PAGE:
Geoelectric field maps of the UK from four large geomagnetic storms derived from thin-sheet model (NERC Grant NE/P017231/1)
This is a thin-sheet model of the regional geoelectric field covering the UK and Ireland, which is a combination of the response of the ground conductivity in a region with the spatial and temporal measurements of the rate of change of the horizontal components of the magnetic field. Output from the BGS Space Weather Impact on Ground-based Systems (SWIGS)
Report: Kingsnorth E.ON UK Carbon Capture & Storage Front End Engineering and Design (FEED) - Chapter 05: Technical Design-Carbon capture and compression plant
During 2010-11, as part of the Carbon Capture & Storage (CCS) Demonstration Competition process, E.ON undertook a Front End Engineering Design (FEED) study for the development of a commercial scale CCS demonstration plant at Kingsnorth in Kent, South East England. The study yielded invaluable knowledge and the resulting material is available for download here. This chapter presents the FEED stage Capture and Compression plant technical design. The 'Design Basis for CO2 Recovery Plant' lists the design parameters relating to the capture plant site, the flue gas to be treated, the utilities available, the required life and availability of the plant, and other constraints to be complied with in the capture plant, dehydration and compression design. The details of the processes of capture, compression, and dehydration are best visualised on the Process Flow Diagrams (PFDs) which show the process flows described above together with additional detail of coolers, pumps, and other plant items. Separate PFDs are provided for the capture plant, the compression plant, and the dehydration plant to show the complete flue gas and CO2 flows. Some of the key aspects of the technical design of the Capture and Compression plant are; There are two separate water circuits shown in the quencher with separate extractions of excess water. These have been separated because the recovered quench water is of good enough quality for re-use on the power station, whilst the deep FGD waste water is sent to the water treatment plant; Molecular sieves have been selected as the most appropriate equipment for dehydration of the CO2 prior to pipeline transportation; With the particular layout constraints of the Kingsnorth site, a split layout of the absorption and regeneration equipment is preferred over the compact layout. Further supporting documents for chapter 5 of the Key Knowledge Reference Book can be downloaded. Note this dataset is a duplicate of the reports held at the National Archive which can be found at the following link - http://webarchive.nationalarchives.gov.uk/20121217150421/http://decc.gov.uk/en/content/cms/emissions/ccs/ukccscomm_prog/feed/e_on_feed_/technical/technical.aspx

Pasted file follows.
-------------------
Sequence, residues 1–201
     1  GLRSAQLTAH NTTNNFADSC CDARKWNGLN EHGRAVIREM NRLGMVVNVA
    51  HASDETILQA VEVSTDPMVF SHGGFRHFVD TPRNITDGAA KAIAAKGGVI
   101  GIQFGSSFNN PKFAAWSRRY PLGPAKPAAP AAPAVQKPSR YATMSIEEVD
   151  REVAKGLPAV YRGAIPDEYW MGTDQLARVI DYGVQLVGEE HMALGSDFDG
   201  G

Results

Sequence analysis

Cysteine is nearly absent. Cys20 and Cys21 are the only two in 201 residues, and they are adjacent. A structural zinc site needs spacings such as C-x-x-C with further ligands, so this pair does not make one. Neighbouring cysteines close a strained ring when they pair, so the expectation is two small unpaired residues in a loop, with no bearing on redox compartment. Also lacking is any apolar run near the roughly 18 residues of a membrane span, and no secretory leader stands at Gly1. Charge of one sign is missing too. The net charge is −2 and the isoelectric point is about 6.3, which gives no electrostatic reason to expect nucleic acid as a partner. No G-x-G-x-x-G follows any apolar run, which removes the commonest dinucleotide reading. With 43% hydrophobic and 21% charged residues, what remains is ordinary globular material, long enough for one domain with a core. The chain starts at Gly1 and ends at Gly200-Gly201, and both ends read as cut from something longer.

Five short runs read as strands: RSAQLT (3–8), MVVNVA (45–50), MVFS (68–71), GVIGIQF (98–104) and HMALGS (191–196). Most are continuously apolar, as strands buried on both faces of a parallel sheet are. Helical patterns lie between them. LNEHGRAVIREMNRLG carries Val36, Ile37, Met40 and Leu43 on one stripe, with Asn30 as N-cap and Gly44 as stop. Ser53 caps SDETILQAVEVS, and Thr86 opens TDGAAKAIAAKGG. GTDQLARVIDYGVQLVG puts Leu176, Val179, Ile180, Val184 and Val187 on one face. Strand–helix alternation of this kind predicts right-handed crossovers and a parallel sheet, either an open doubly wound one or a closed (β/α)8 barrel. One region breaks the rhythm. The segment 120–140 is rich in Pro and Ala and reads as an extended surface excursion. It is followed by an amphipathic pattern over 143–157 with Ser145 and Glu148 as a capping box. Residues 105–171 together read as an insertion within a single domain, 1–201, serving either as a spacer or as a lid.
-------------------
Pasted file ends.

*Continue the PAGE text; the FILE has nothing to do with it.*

The collection consists of records of enquiries answered by the Land Survey from c.1939 to 1970, with a small number of earlier records. Pre c.1960 files relate mainly to economic mineral enquiries while files after that year relate increasingly to enquiries on geological site conditions. Enquiry records of former Leeds and Newcastle offices, relevant to UK(North), are held for c.1950 to 1992. Edinburgh Office enquiry files dated up to 1970 have been reviewed for retention/destruction and those of continuing informational or historical value have been retained as archives. Post 1970 files are confidential to BGS staff. Indexed on Land Survey Record Index (LSRI). Edinburgh enquiry files are referenced EE, (ex-Newcastle Office enquiries, EN). Covers Scotland and Northern England with concentrations in urban ares. All non-confidential data held by NGRC(North) is available to users.